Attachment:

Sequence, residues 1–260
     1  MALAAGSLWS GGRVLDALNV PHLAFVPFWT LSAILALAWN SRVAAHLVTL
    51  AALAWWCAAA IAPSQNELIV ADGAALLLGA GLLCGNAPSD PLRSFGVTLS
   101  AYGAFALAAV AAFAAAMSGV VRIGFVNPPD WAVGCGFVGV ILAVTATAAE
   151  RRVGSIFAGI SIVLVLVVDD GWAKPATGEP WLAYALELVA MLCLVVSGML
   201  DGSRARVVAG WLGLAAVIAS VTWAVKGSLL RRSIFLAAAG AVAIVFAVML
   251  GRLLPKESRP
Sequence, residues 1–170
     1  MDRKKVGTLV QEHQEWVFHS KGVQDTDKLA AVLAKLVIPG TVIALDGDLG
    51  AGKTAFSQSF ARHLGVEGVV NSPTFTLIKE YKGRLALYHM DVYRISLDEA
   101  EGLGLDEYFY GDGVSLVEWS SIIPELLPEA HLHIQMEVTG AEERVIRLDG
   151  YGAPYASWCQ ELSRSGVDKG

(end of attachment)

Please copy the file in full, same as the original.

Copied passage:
Sequence, residues 1–260
     1  MALAAGSLWS GGRVLDALNV PHLAFVPFWT LSAILALAWN SRVAAHLVTL
    51  AALAWWCAAA IAPSQNELIV ADGAALLLGA GLLCGNAPSD PLRSFGVTLS
   101  AYGAFALAAV AAFAAAMSGV VRIGFVNPPD WAVGCGFVGV ILAVTATAAE
   151  RRVGSIFAGI SIVLVLVVDD GWAKPATGEP WLAYALELVA MLCLVVSGML
   201  DGSRARVVAG WLGLAAVIAS VTWAVKGSLL RRSIFLAAAG AVAIVFAVML
   251  GRLLPKESRP
Sequence, residues 1–170
     1  MDRKKVGTLV QEHQEWVFHS KGVQDTDKLA AVLAKLVIPG TVIALDGDLG
    51  AGKTAFSQSF ARHLGVEGVV NSPTFTLIKE YKGRLALYHM DVYRISLDEA
   101  EGLGLDEYFY GDGVSLVEWS SIIPELLPEA HLHIQMEVTG AEERVIRLDG
   151  YGAPYASWCQ ELSRSGVDKG